Pay attention down the back – it’s the A-Z of school
There’s an entire alphabet of financial, educational and societal considerations when preparing a family for the return to school
Aldi: Schools had barely closed their doors for the summer when the German supermarket began promising to sell cash-strapped parents a complete primary-school uniform for €6.50. With the National Consumer Agency putting the cost of uniforms, including shoes, for a year at about €200, such savings were not to be sniffed at. The Aldi deal did leave the kids barefoot: the shoes cost an extra €7.99.
Book rental: Why have Irish schools been so slow to implement these efficient schemes, which would save parents about €40 million a year? In the North, schools are given a budget to supply books to children, usually on loan. In the last budget, Ruairí Quinn secured €15 million to expand book-rental schemes in primary schools. More needs to be done.
Crest: Almost two-thirds of schools that have uniforms want them to carry a crest. Not a bad idea, but do they have to be an integral part of the outfit? A crested uniform – jumper, trousers or skirt, tracksuit and coat – costs more than €100 from most official school suppliers. You can buy the lot in most retail outlets for a third of that.
Driving: The impact school runs have on traffic is most evident during August, when our roads are clear. Enjoy it while you can: the snarl-ups are a fortnight away.
Ebook readers: They sound great – they are interactive and light – but they come at a cost. Parents won’t have much change out of €700 in some instances. There are some schools falling over themselves to make tablets mandatory but there hasn’t been much consideration of their educational merit, and the Department of Education appears to have little control over their proliferation.
Failure: We like the proposals that emerged last week that would see students earn CAO points for getting 30-39 per cent in higher level papers, if only because it makes “failing” honours exams that little bit harder. The plan from the Irish Universities Association task group on reform of university selection and Entry is just one of a series of proposals aimed at taking the heat out of the points race.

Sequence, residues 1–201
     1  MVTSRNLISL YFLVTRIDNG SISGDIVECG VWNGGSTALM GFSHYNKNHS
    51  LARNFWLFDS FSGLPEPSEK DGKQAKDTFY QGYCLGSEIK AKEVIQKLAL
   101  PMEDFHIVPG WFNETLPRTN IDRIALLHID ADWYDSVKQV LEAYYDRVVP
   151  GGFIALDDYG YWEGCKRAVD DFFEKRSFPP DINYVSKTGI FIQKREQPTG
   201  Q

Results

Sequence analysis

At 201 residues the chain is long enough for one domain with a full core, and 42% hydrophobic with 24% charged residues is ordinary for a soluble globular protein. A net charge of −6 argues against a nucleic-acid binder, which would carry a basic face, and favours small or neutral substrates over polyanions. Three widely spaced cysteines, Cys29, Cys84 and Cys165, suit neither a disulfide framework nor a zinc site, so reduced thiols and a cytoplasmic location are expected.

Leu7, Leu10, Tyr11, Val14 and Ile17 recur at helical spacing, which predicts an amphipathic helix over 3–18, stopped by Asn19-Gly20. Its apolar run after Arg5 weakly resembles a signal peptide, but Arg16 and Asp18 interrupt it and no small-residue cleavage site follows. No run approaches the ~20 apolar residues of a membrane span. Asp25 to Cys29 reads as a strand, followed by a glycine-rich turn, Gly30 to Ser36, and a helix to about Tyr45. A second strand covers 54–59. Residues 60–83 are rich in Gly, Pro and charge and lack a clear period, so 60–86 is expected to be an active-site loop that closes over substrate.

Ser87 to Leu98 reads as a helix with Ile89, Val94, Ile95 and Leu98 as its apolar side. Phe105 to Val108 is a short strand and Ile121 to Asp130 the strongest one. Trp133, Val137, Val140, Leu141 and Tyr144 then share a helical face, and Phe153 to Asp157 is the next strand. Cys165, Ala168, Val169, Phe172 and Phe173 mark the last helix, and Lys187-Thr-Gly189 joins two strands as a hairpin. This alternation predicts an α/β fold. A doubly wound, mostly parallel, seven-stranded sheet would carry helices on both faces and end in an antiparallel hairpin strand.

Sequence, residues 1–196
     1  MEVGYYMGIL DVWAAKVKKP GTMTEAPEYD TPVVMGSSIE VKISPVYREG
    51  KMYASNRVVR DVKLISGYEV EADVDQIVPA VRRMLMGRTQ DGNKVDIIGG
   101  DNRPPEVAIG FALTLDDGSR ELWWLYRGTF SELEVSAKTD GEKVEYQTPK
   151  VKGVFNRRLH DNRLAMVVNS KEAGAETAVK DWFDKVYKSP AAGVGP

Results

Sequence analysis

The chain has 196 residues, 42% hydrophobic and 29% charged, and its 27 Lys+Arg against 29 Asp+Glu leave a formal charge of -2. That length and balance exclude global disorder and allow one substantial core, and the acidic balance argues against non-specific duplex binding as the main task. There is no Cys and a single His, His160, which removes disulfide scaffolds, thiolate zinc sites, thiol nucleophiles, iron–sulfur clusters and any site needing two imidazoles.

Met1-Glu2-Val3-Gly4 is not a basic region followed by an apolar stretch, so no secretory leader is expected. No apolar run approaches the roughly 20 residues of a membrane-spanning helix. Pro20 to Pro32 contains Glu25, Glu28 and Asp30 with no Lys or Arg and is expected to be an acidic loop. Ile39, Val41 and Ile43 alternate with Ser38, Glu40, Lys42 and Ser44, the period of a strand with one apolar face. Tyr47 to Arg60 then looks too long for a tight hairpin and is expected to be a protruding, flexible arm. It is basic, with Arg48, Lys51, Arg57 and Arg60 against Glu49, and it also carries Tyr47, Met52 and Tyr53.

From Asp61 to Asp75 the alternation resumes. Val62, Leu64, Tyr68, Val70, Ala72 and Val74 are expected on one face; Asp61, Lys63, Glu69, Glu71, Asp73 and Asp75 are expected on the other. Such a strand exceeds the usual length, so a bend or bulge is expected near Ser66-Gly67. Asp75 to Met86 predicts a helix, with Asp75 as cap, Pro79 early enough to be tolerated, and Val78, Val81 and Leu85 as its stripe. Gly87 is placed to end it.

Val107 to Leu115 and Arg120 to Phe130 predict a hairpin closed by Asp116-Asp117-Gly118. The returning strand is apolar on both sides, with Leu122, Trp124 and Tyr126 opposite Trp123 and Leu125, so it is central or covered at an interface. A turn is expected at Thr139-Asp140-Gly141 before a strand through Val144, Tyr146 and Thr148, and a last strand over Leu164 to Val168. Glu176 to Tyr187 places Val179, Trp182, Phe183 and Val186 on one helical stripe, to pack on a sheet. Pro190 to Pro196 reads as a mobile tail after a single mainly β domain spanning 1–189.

Geography: History and geography are compulsory subjects for the Junior Cert at present. Under the new Junior Cycle, however, many schools will retain both subjects, but teachers are concerned that it will be pushed out in some schools. If that happens, it won’t be long before we don’t know where we are or how we got here.
Homework: Let’s impose a time limit on homework – say 30 minutes for primary-school children and 90 minutes for secondary school. The notion that children of 11 or 12 should be given homework that can eat up all their playtime seems to miss the point of childhood.
Irish: Struggling to remember your módh coinníollach from your tuiseal ginideach? Don’t worry, the Minister for the Gaeltacht isn’t that far ahead of you. Within minutes of his appointment at the Department of Arts, Culture and the Gaeltacht, a narrative was emerging that suggested Donegal native Joe McHugh would be all at sea when discussing fisheries as Gaeilge. When Pricewatch asked him how he had got on in Irish in the Leaving Cert, he struggled to remember. And he’s done okay.
Junior Cert: Starting this year, the exam is being abolished and replaced with a lower-stakes in-house exam called the Junior Cycle Programme. Teachers will devise and correct some – and eventually all – the subjects. The timetable will be radically altered as schools are instructed to introduce a number of short courses based on local needs and capabilities, to complement the eight to 10 subjects they will offer at exam level.